II. Benchmarks for Evaluation
Beyond picking cases to review, the Supreme Court faces the additional challenge of how to second guess the Federal Circuit in a field where that court has been the dominant appellate authority for the past twenty-five years. On some issues, the Court can turn to non-patent cases as benchmarks, as it did in Dickinson and eBay, but this approach could lead the Court to overlook good reasons for treating patent cases differently. The Court can also look more closely at the Federal Circuit itself. When the Court reviewed decisions of a divided Federal Circuit in Warner-Jenkinson and Festo, the Court turned to the Federal Circuit's dissenting opinions for guidance in critiquing the majority opinions. Rarely, however, has the Supreme Court used Federal Circuit opinions in other cases as benchmarks for evaluating the cases currently before the Court. This is a regrettable omission that deprives the Supreme Court of the benefit of a quarter century of patent jurisprudence. It also deprives the Federal Circuit of the discipline of Supreme Court oversight of its performance in achieving uniformity, stability and predictability in patent law.
For many substantive issues of patent law, such as the nonobviousness standard reviewed in KSR, the Court has dusted off its own venerable case law for guiding principles, largely ignoring twenty-five years of more recent Federal Circuit decisions. In KSR, the Court relied primarily on six of its own prior opinions, beginning with the 1851 decision in Hotchkiss v. Greenwood and concluding with its 1976 decision in Sakraida v. AG Pro, Inc. The Court briefly mentioned two more recent Federal Circuit decisions that elaborated upon that court's approach to nonobviousness but quickly set them aside, noting that "[t]hose decisions, of course, are not now before us and do not correct the errors of law made by the Court of Appeals in this case." The Court did not use any Federal Circuit decisions as authority for identifying or explaining the errors made by the Federal Circuit in KSR.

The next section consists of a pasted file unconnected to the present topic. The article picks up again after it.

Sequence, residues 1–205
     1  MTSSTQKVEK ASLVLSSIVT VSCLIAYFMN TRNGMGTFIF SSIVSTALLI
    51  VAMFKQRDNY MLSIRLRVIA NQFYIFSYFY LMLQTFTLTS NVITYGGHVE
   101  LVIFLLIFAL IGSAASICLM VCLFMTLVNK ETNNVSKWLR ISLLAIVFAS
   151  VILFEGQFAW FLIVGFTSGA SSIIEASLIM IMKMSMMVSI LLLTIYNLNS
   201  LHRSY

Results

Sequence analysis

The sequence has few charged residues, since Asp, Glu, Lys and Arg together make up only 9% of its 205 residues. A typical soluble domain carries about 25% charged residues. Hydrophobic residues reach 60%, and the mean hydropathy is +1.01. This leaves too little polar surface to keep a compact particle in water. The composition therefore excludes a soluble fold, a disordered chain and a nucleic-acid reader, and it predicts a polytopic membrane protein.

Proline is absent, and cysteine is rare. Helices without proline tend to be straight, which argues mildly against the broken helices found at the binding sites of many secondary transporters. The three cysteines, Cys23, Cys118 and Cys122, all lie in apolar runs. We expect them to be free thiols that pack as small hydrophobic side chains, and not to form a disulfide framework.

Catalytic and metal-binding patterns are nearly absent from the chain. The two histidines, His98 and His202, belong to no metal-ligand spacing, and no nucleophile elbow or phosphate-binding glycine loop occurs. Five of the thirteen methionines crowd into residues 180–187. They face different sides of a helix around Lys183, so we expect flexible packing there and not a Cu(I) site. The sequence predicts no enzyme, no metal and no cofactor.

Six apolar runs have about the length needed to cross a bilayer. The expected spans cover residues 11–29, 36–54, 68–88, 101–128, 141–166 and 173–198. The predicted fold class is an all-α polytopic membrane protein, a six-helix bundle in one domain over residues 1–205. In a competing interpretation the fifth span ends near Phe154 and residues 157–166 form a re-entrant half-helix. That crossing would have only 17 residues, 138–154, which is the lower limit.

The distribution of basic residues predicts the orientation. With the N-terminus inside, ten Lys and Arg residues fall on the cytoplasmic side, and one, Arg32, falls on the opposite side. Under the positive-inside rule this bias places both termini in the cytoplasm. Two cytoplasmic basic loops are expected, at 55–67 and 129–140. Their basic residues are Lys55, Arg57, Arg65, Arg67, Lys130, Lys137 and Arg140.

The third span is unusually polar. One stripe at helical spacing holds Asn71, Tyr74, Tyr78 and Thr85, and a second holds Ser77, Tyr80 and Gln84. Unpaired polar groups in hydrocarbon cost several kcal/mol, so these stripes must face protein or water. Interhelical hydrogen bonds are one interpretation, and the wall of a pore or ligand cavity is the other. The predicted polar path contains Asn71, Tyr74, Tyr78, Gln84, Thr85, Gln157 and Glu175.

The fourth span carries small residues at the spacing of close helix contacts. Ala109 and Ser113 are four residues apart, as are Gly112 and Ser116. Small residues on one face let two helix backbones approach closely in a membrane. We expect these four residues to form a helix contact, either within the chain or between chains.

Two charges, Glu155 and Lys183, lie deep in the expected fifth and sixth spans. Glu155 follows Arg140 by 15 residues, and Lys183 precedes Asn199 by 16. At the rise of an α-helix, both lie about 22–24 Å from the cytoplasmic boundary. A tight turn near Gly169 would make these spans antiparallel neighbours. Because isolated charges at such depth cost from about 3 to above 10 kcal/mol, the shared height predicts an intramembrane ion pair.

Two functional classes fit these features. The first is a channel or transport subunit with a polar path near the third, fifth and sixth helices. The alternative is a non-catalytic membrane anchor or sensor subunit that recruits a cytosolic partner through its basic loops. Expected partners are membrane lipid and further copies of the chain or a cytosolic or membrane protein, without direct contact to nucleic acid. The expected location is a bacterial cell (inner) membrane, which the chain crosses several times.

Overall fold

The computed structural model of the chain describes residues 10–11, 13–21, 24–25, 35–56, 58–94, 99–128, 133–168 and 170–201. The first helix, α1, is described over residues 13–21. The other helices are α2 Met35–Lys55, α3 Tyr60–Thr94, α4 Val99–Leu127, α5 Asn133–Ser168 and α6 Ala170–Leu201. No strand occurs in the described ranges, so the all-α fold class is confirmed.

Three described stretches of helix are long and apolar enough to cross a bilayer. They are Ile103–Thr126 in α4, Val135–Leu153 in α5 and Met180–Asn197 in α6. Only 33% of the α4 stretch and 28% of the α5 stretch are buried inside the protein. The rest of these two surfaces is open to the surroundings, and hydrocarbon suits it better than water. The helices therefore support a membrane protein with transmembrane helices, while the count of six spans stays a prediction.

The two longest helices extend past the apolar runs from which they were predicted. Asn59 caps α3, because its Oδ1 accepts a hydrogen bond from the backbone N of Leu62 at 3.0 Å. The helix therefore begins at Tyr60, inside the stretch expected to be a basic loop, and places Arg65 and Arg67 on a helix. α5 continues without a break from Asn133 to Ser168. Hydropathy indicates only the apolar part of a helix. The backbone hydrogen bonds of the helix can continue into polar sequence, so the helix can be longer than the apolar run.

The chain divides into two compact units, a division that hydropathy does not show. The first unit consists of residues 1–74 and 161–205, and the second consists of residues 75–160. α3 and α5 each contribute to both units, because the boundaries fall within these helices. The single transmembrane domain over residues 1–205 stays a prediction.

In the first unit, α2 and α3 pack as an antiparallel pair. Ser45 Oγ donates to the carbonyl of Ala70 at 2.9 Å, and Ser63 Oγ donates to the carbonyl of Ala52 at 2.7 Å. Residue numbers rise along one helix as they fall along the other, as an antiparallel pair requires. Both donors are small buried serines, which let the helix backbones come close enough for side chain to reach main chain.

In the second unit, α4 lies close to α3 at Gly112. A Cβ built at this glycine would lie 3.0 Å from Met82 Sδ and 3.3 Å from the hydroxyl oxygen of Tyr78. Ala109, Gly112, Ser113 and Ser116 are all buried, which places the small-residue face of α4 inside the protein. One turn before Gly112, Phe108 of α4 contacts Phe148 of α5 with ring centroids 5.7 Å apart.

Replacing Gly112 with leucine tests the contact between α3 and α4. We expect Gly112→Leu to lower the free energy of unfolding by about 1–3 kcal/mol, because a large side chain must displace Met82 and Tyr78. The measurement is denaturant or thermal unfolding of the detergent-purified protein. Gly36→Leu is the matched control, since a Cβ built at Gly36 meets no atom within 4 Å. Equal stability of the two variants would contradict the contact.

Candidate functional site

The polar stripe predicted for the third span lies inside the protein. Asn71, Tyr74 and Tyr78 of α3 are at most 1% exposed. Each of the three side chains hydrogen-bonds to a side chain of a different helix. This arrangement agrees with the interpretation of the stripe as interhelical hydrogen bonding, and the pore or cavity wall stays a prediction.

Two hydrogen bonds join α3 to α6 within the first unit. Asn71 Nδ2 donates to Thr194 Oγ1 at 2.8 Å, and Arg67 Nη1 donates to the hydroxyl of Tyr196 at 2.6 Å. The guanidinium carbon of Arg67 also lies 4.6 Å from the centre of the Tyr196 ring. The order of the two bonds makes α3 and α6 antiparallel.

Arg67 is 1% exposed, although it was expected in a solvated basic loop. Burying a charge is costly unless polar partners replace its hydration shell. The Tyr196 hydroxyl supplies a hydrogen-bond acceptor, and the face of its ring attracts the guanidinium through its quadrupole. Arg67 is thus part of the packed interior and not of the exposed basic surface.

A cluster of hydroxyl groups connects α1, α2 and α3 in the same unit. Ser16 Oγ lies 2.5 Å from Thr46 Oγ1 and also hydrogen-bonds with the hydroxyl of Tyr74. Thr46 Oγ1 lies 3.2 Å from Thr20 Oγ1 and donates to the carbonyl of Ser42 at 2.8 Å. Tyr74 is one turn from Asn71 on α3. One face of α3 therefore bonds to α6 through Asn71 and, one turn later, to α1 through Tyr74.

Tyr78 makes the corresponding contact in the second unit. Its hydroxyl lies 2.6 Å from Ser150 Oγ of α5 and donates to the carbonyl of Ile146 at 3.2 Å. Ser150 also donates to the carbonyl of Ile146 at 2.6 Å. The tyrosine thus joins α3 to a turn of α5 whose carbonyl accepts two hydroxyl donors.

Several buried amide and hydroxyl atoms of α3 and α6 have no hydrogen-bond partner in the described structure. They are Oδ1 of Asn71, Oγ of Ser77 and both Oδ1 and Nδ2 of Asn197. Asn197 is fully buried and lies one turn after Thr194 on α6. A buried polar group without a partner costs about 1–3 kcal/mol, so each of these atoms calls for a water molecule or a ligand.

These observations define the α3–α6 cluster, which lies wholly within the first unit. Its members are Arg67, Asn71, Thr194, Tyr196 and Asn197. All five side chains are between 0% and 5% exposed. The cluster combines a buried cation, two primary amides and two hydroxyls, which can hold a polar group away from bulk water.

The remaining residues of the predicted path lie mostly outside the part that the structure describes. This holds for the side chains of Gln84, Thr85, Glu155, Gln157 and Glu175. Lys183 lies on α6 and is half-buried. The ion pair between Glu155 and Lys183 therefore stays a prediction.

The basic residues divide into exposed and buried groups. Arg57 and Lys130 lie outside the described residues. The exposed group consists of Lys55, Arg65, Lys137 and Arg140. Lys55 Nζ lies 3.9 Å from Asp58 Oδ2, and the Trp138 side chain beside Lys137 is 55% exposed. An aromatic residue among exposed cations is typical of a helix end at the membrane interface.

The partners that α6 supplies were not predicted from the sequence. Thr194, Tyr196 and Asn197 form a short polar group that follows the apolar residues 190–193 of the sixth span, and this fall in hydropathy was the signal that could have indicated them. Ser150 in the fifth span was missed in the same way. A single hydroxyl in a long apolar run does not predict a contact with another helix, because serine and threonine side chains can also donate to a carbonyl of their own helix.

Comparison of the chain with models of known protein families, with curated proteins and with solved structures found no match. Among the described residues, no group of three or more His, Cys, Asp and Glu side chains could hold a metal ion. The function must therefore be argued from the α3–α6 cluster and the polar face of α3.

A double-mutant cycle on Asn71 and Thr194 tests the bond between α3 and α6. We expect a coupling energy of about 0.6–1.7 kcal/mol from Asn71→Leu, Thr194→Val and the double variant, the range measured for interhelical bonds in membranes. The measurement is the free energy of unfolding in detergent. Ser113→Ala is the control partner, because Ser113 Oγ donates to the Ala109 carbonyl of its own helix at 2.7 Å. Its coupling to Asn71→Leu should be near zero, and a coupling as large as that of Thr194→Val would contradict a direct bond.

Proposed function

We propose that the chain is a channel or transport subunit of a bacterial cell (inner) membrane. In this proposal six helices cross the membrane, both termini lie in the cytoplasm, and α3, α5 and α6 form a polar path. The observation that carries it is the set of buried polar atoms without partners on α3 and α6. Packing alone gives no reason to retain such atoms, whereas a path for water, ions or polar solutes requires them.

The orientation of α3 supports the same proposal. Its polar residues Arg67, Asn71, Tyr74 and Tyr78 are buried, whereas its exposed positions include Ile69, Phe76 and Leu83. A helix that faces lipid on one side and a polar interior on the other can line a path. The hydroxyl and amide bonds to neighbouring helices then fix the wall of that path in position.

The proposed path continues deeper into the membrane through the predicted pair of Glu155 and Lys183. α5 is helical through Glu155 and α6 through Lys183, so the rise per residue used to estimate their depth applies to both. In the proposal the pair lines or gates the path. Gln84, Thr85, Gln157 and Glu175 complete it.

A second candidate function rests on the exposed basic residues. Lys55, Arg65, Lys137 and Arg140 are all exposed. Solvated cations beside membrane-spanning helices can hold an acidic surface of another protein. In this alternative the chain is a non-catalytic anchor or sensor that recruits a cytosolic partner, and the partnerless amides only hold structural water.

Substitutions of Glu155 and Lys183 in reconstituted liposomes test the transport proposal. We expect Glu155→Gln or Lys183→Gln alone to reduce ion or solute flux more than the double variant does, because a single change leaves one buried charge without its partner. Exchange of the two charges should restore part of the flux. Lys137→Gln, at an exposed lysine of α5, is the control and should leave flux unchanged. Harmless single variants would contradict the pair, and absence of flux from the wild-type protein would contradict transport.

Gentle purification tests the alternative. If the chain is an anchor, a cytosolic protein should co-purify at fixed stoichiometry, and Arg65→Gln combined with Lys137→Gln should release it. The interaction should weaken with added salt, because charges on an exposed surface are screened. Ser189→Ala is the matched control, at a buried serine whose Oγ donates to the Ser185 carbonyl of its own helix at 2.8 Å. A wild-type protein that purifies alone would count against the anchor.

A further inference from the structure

By ignoring close to a quarter century of Federal Circuit decisions, the Court's KSR decision undermined the stability and predictability in patent law that Congress sought to achieve through the Federal Courts Improvement Act of 1982. Moreover, by failing to situate its own decisions against a broader backdrop of Federal Circuit authorities, the Court missed an opportunity to clarify the implications of its decisions in a field of law that it visits infrequently-setting the stage for the Federal Circuit to read Supreme Court decisions narrowly in the future.
III. Guiding Future Decisions
The greatest challenge for the Supreme Court is to focus its limited attention to patent law in ways that will do the most good for the patent system. If Supreme Court review achieves nothing more than correcting particular erroneous decisions of the Federal Circuit, it will almost surely waste time that could be better spent on other matters. Supreme Court decisions are most likely to have an enduring impact on the Federal Circuit when they resolve discrete issues in ways that provide clear guidance for future cases. Decisions that call for flexible case-by-case analysis in the future, while empowering the Federal Circuit to exercise its own judgment, are unlikely to change how that court decides cases.